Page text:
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Review: ‘Bandersnatch’ snatches viewers’ attention with new user-focused technology

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Viewers+are+given+the+option+to+choose+whether+aspiring+game+designer+Stefan+listens+to+%22Thompson+Twins%22+or+%22Now+2.%22+%22Black+Mirror%3A+Bandersnatch%22+provides+a+unique+and+interactive+viewing+experience.+
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Review: ‘Bandersnatch’ snatches viewers’ attention with new user-focused technology

Viewers are given the option to choose whether aspiring game designer Stefan listens to

Viewers are given the option to choose whether aspiring game designer Stefan listens to "Thompson Twins" or "Now 2." "Black Mirror: Bandersnatch" provides a unique and interactive viewing experience.

Photo credit: "Bandersnatch" screenshot

Viewers are given the option to choose whether aspiring game designer Stefan listens to "Thompson Twins" or "Now 2." "Black Mirror: Bandersnatch" provides a unique and interactive viewing experience.

Photo credit: "Bandersnatch" screenshot

Photo credit: "Bandersnatch" screenshot

Viewers are given the option to choose whether aspiring game designer Stefan listens to "Thompson Twins" or "Now 2." "Black Mirror: Bandersnatch" provides a unique and interactive viewing experience.

It’s 1984: the year of shoulder pads, neon colors, video games and the setting of Netflix’s new film, “Black Mirror: Bandersnatch.”

The film, written by Charlie Brooker and directed by David Slade, follows Stefan Butler (Fionn Whitehead), a British teen who has designed an interactive game called Bandersnatch. Stefan pitches his idea to a big game company, where he meets Colin Ritman (Will Poulter), a successful game designer and his biggest inspiration. What makes the film unique isn’t the plot, though — it’s the viewer’s power to make decisions that alter the course of the movie.

Should Stefan eat Sugar Puffs or Frosted Flakes? Should he listen to the “Thompson Twins” or “Now 2?” These questions are resolved with a single click on the viewer’s part. As the story progresses, options become more dramatic and altering; however, even the small choices matter.

These decisions lead the viewer to one of the show’s five different endings. If the viewer is satisfied with their ending, they can continue onto the credits. If not, the viewer is able to go back and try to discover each and every possible ending to the show. The overall goal of the show is to receive five stars on your game, but you can end the film without receiving five stars.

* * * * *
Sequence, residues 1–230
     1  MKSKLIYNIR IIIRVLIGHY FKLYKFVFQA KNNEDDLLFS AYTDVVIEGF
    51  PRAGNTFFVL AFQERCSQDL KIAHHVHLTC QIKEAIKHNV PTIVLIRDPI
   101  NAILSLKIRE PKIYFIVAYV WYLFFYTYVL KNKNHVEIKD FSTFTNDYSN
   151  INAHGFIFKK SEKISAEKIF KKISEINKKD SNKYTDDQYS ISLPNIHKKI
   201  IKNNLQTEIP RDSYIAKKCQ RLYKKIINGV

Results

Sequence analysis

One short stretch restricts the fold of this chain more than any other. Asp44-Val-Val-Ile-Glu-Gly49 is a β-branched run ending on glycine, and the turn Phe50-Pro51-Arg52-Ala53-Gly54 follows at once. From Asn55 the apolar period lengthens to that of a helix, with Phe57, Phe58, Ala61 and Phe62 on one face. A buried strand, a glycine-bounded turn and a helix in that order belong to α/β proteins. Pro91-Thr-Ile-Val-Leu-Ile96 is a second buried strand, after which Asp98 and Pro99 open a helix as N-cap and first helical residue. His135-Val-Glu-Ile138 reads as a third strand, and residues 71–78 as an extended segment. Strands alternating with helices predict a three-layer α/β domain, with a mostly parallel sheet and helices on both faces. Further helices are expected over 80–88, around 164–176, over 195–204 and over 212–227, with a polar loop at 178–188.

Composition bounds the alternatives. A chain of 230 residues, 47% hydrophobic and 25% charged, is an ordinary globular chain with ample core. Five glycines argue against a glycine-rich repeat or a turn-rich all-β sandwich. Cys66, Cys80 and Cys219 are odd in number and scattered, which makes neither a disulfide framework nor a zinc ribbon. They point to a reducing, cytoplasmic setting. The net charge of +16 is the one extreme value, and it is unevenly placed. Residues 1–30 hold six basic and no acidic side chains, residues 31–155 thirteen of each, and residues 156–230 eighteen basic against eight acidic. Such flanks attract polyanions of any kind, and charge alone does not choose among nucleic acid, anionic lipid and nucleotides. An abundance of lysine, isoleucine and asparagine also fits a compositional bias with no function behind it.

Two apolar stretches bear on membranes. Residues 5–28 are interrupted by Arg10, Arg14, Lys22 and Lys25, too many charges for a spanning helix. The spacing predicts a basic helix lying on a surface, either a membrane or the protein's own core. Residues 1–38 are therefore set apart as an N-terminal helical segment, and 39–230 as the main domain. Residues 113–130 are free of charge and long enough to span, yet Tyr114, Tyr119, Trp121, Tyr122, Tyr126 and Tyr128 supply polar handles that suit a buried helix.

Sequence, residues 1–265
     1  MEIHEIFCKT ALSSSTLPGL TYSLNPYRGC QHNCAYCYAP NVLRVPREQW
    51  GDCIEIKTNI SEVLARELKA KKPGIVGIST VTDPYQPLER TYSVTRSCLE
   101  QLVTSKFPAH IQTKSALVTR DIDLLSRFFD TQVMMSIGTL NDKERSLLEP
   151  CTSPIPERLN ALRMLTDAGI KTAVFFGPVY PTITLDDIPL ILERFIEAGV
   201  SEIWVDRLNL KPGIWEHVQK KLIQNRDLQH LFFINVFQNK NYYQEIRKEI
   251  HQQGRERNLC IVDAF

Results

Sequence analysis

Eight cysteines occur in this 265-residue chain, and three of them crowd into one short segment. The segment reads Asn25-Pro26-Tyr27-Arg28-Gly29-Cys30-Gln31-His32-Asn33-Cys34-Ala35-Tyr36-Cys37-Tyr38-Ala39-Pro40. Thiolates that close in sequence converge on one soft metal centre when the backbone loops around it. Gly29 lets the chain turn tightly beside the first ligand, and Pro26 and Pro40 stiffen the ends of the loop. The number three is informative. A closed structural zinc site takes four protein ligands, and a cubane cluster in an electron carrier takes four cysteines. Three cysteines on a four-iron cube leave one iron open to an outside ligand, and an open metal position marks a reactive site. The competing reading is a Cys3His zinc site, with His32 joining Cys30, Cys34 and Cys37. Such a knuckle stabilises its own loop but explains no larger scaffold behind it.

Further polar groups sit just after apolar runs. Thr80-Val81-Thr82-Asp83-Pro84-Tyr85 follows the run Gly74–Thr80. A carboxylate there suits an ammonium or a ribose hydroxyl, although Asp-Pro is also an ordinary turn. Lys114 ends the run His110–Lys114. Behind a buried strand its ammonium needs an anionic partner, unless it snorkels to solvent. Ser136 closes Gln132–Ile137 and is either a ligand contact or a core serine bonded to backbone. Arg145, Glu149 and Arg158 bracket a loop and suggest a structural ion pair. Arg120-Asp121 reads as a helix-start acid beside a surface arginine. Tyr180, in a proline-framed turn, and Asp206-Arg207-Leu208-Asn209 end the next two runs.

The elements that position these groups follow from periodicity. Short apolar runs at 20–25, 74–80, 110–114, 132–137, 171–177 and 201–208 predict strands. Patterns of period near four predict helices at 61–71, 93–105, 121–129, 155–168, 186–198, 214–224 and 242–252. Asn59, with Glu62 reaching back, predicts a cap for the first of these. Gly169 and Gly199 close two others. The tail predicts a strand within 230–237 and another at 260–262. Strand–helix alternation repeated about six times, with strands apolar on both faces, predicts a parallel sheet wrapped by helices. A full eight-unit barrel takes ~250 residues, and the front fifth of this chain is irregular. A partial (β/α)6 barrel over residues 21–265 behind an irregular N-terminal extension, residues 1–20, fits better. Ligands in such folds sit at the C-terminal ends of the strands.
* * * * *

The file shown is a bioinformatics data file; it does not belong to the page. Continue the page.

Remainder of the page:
As the film progresses and Stefan codes his game, he becomes overwhelmed and mentally breaks down. The viewer does have a choice, but only to a certain extent, as some choices lead to dead ends and force the viewer to go back and select a different option. In the process of this, the participant begins to realize they only have control over Stefan to an extent. I take this as Brooker’s commentary on how we may feel like we are in control when there are truly other forces at play.

In a Netflix featurette, Brooker explained that the production of the film was quite challenging, and took a lot of brainpower.

“There were points where, in working stuff out, it got like trying to do a Rubik’s cube in your head,” Brooker said.

The film is effortlessly clever and complex, all while surprising, frustrating and entertaining audiences. As I watched the film, I felt like I had full control over another person’s life, even though this was only a movie with fictional characters. This is, in part, due to Whitehead’s portrayal of Stefan. I truly felt as if Stefan was a real teenager trapped in this game under the viewer’s control, which only adds to the uniqueness of this film.

I don’t know if I would watch the film again, as it became mentally tiring to make so many decisions. However, it is indeed a masterpiece that continuously kept me on my toes. Brooker never fails to push artistic boundaries, evident through the use of this new interactive adventure.

I would recommend this film to any person who is looking for an innovative and unique way to spend a few hours. It’s unlike anything Netflix has put out before, and I hope it is the first of many interactive film experiences.

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About the Writer
Liz Haltrecht, Culture Editor

Liz Haltrecht joined the Oracle staff in 2016 and remained a contributing writer in 2017. She is so excited to take on the role of Culture Editor in the...

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